Original German WWII Officer Brown Leather 6th Panzer Division Wrap Jacket

Item Description

Original Item: Only One Available. The 6th Panzer Division (6th Tank Division) was an armored division in the German Army, the Heer, during World War II, established in 1939.

The division, initially formed as a light brigade, participated in the invasions of Poland, Belgium, France and the Soviet Union. From 1941 to 1945 it fought on the Eastern Front, interrupted only by periods of refitting spend in France and Germany. It eventually surrendered to US forces in Czechoslovakia in May 1945 but was handed over to Soviet authorities.

Officers and certain senior NCO's were allowed to purchase their own jackets and were allotted a clothing allowance. Generally speaking officers bought nice quality, private purchase, uniform items but they could also choose to buy their uniforms directly from the military clothing depots. Besides the standard issue garments Panzer personnel also utilized a wide variety of private purchase leather jackets in contradiction of regulations. These private purchase jackets appear to have been quite popular as they can be commonly seen in period photographs.

This example is a very high quality, German made private purchase, non-regulation, multi-panel, double breasted, chocolate brown leather construction fully lined, waist length, wrap jacket with a lay down collar. The jacket features a double breasted button wrap closure. The jacket has two horizontal breast pockets with buttons as well as two waist pockets also with buttons. The straight cut sleeves have a single button closure to the cuffs.

Slip on loops and buttons for shoulder boards, complete with two matching Major's epaulets with fine silver/aluminum wire over pink wool bases with brass "6" pin. The 6 represents the 6th Panzer Division. The buttons for the epaulets are stitched beneath the lining (however, left side button popped so we added one small stitch over the lining to reattach).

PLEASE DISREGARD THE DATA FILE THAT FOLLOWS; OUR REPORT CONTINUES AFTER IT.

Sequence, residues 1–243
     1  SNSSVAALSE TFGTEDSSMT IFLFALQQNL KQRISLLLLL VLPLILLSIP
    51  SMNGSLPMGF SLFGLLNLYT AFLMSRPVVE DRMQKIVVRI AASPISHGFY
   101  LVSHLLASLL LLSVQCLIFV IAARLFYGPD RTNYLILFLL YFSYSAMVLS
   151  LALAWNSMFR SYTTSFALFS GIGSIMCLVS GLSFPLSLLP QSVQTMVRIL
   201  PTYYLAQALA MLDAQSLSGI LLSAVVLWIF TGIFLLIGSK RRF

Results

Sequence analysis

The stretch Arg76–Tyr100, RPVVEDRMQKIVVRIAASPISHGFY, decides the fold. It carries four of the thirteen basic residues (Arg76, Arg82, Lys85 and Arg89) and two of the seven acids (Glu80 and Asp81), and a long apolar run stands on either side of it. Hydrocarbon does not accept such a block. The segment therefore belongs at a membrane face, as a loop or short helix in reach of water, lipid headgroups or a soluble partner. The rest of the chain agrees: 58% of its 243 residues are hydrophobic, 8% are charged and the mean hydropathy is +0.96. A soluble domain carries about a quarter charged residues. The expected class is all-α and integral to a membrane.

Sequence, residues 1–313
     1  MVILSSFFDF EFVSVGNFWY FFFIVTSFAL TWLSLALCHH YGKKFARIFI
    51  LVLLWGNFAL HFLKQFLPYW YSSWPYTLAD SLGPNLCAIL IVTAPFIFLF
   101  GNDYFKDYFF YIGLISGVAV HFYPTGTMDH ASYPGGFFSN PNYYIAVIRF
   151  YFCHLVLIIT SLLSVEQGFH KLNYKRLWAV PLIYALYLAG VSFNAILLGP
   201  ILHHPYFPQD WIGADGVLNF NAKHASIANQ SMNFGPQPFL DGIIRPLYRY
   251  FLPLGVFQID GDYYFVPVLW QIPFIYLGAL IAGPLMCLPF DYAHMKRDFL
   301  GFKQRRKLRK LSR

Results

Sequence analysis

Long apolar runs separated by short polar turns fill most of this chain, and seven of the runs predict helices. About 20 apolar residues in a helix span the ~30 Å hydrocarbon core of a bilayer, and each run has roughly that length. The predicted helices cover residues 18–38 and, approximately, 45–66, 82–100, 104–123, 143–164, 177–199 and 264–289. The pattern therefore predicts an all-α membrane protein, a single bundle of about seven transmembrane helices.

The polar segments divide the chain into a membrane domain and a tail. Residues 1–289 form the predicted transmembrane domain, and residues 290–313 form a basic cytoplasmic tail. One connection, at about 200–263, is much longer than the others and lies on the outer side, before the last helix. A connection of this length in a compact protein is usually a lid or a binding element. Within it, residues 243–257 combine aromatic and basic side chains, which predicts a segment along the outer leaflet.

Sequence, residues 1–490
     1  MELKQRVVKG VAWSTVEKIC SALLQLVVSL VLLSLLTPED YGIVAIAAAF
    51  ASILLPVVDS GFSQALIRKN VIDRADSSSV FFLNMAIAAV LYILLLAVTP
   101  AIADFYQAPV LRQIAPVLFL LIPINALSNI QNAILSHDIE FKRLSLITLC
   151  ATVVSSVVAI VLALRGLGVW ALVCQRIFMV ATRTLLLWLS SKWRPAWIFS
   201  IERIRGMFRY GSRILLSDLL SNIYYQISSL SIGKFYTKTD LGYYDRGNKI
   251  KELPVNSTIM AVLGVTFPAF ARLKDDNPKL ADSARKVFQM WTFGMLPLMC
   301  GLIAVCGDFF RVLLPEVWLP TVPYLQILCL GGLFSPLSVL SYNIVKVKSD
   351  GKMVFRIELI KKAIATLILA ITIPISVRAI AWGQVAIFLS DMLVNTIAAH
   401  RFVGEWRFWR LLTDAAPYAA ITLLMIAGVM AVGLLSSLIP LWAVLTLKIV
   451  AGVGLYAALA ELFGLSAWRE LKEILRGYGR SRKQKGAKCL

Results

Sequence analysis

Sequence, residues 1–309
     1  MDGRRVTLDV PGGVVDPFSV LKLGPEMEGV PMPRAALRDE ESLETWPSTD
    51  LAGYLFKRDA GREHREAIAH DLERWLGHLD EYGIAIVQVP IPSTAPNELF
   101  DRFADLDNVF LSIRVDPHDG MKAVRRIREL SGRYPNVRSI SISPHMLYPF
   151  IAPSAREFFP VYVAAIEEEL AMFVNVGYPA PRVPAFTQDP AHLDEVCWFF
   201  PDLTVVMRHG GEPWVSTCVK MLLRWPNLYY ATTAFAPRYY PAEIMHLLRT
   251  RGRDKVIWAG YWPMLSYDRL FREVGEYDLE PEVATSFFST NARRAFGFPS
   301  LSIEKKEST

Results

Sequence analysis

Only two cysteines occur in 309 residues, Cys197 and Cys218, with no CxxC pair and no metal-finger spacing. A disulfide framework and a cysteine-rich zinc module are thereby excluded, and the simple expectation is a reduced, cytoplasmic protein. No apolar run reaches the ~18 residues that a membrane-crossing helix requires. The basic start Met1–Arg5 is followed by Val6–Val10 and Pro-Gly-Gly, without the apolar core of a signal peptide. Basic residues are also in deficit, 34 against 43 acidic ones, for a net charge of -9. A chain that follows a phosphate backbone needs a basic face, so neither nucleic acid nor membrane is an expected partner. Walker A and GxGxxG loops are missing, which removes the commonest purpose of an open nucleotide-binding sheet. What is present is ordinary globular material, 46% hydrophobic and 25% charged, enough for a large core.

The jacket is roughly size 38" chest; a nice size for Panzer WW2 officer!

History of the 6th Panzer Division:

The 1st Light Brigade was a mechanized unit established in October 1937 in imitation of the French Division Légère Mécanique. It was intended to take on the roles of army-level reconnaissance and security that had traditionally been the responsibility of cavalry. It included mechanized recon units, motorized infantry, and a battalion of tanks. The concept of the Light Brigade, of which three were planned by the Wehrmacht, quickley showed its flawed nature and was abandoned.

In April 1938 the brigade was enlarged to become the 1st Light Division, receiving the 11th tank regiment as an attachment for its participation in the occupation of the Sudetenland in October 1938 and the subsequent dismantling of Czechoslovakia in March 1939. Following the latter the division received 130 Czech-build tanks which were superior to the Panzer I and Panzer II the division had been equipped with. In 1939, the division fought in the Invasion of Poland. Due to shortcomings that the campaign revealed in the organization of the Light divisions, it was reorganized as the 6th Panzer Division in October 1939, as were the other three light divisions which became the 7th, 8th and 9th Panzer Divisions.